The New York Islanders, a 1980s dynasty with four Stanley Cups, are now under siege on all fronts: fans, owners, players, league executives and politicians.
The franchise once known for stability has plunged to the depths. The team that was NHL champion from the 1979-80 season through the 1982-83 season hasn't made the playoffs since 1993-94, when they were swept by the New York Rangers in the opening round. The Islanders haven't had a winning season since 1992-93.
Now the fans are angry, the players are upset with management, the league is embarrassed and the future of the team is uncertain.
When the Islanders opened this season at home with a loss to Pittsburgh last Saturday, many in the crowd of 11,457 let management have it.
Chants of "We want Spano" echoed through the Nassau Coliseum, a reference to John Spano, whose attempt to buy the team ended in disgrace when he was convicted on fraud charges.
Presumably, any owner -- even Spano -- would be welcome to the fans in the midst of this mess.
"I'm not sure I can see any silver lining between the Islanders and SMG," said David Seldin, president of New York Sports Ventures, which owns the team. "The fans have had a tough road. We haven't done right by them, but we can't do it alone."
Last month, the Islanders moved out of the Coliseum and filed a $10 million lawsuit against SMG -- formerly the Spectacor Management Group -- claiming the 26-year-old arena was falling apart and posed a danger to fans and players. That suit has not been resolved.
The Coliseum is owned by Nassau County, and leased t SMG -- a Philadelphia management company. The building was ruled safe by a judge after an independent engineering inspection, paid for by the NHL.
| Islanders fans have endured nothing but heartache since last seeing their team hoist the Stanley Cup in 1983. (AP) |
Nassau County received a temporary restraining order prohibiting the Islanders from playing home games anywhere other than the Coliseum. After the NHL inspected the building, the order became a preliminary injunction.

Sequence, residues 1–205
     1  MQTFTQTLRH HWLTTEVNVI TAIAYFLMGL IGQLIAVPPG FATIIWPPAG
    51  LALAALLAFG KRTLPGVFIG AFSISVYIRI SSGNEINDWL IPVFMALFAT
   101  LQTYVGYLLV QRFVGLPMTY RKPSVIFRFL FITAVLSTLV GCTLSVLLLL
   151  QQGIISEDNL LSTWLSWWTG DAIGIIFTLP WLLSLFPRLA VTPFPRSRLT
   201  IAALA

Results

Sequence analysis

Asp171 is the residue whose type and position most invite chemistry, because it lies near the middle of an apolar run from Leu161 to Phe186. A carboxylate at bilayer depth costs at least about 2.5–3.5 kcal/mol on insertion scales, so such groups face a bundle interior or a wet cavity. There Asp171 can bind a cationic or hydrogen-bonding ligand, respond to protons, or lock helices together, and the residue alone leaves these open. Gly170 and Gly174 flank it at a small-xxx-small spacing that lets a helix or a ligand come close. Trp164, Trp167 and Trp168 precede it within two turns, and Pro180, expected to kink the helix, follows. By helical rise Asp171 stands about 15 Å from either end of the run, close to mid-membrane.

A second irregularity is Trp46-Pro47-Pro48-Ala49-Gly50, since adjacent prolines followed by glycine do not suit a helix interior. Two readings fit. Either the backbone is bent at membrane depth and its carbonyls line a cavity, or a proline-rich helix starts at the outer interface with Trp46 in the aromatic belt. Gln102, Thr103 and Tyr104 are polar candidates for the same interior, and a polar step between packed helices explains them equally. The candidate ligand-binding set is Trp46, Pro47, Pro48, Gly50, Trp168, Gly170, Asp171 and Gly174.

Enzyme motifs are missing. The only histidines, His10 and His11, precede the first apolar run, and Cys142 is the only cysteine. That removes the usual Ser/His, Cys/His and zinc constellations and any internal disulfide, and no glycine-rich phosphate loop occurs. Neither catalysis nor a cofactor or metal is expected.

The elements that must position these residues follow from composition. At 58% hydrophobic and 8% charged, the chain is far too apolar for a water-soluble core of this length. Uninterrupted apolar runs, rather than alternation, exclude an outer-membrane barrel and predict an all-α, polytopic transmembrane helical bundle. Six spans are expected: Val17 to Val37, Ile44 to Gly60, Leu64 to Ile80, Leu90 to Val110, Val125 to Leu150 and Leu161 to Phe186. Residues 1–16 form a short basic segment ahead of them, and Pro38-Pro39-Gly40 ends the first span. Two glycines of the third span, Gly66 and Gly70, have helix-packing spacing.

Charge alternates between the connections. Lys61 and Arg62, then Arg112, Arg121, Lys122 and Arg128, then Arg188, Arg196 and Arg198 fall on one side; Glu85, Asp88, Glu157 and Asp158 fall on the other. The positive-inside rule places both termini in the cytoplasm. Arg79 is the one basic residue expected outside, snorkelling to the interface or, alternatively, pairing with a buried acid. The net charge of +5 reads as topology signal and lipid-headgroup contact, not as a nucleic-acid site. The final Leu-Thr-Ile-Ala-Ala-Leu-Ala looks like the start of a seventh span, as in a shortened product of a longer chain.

Seldin said the Islanders will honor the injunction, but the enmity remains between the team and arena management.
All of which has stalled the Islanders in their bid for a new arena. New York Sports Ventures has given NHL commissioner Gary Bettman the authority to negotiate with Nassau County.
The team is locked into a lease until 2015, and SMG is contracted to manage any new arena. If the Islanders try to move outside Long Island, their lucrative television contract will be voided.
It appears that if fences can't be mended, the Islanders might be up for sale -- again. The team has undergone four ownership changes in less than two seasons.
There is talk the Islanders will dump high-priced players if the team fails to get off to a good start. With star forward and free agent Zigmund Palffy at home in Slovokia embroiled in a contract dispute, the Islanders lost their first two games.
Fans faced yet another indignity one day before their home opener. MSG Network announced the game would not be televised, nor would two road games on the first road trip. MSG said it was a cost-cutting move. Also, there were no pregame ceremonies for Saturday's home opener.
"We were expecting some sort of presentation," defenseman Kenny Jonsson said. "We were surprised when we found out there wouldn't be any."
One Islanders player, who requested anonymity, said it's no longer fun to come to the rink.
"It's now a job," he said. "In most organizations, management goes out of their way to help the players do such things as find a home. Here, you have the players, the coaches and the management -- and none mix with each other."
After Saturday's loss, some of the players felt embarrassed -- for the fans, as well as themselves.
"Please thank the fans for us," forward Bryan Smolinski said. "I feel so badly for them. I hope they stick by us. We're trying our best."
© 1998 SportsLine USA, Inc. All rights reserved